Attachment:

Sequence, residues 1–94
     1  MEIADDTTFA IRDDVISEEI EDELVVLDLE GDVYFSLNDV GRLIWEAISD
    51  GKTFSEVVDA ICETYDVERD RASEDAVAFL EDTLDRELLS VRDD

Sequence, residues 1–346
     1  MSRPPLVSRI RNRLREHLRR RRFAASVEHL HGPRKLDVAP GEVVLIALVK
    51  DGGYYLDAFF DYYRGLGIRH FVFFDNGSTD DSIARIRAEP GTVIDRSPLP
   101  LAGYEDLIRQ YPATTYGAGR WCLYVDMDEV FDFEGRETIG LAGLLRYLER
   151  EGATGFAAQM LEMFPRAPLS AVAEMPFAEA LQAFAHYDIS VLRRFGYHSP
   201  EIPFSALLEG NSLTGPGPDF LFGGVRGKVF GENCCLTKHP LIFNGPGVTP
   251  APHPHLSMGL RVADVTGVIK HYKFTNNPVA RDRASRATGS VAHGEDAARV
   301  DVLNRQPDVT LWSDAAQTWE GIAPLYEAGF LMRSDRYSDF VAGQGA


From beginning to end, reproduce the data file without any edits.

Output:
Sequence, residues 1–94
     1  MEIADDTTFA IRDDVISEEI EDELVVLDLE GDVYFSLNDV GRLIWEAISD
    51  GKTFSEVVDA ICETYDVERD RASEDAVAFL EDTLDRELLS VRDD

Sequence, residues 1–346
     1  MSRPPLVSRI RNRLREHLRR RRFAASVEHL HGPRKLDVAP GEVVLIALVK
    51  DGGYYLDAFF DYYRGLGIRH FVFFDNGSTD DSIARIRAEP GTVIDRSPLP
   101  LAGYEDLIRQ YPATTYGAGR WCLYVDMDEV FDFEGRETIG LAGLLRYLER
   151  EGATGFAAQM LEMFPRAPLS AVAEMPFAEA LQAFAHYDIS VLRRFGYHSP
   201  EIPFSALLEG NSLTGPGPDF LFGGVRGKVF GENCCLTKHP LIFNGPGVTP
   251  APHPHLSMGL RVADVTGVIK HYKFTNNPVA RDRASRATGS VAHGEDAARV
   301  DVLNRQPDVT LWSDAAQTWE GIAPLYEAGF LMRSDRYSDF VAGQGA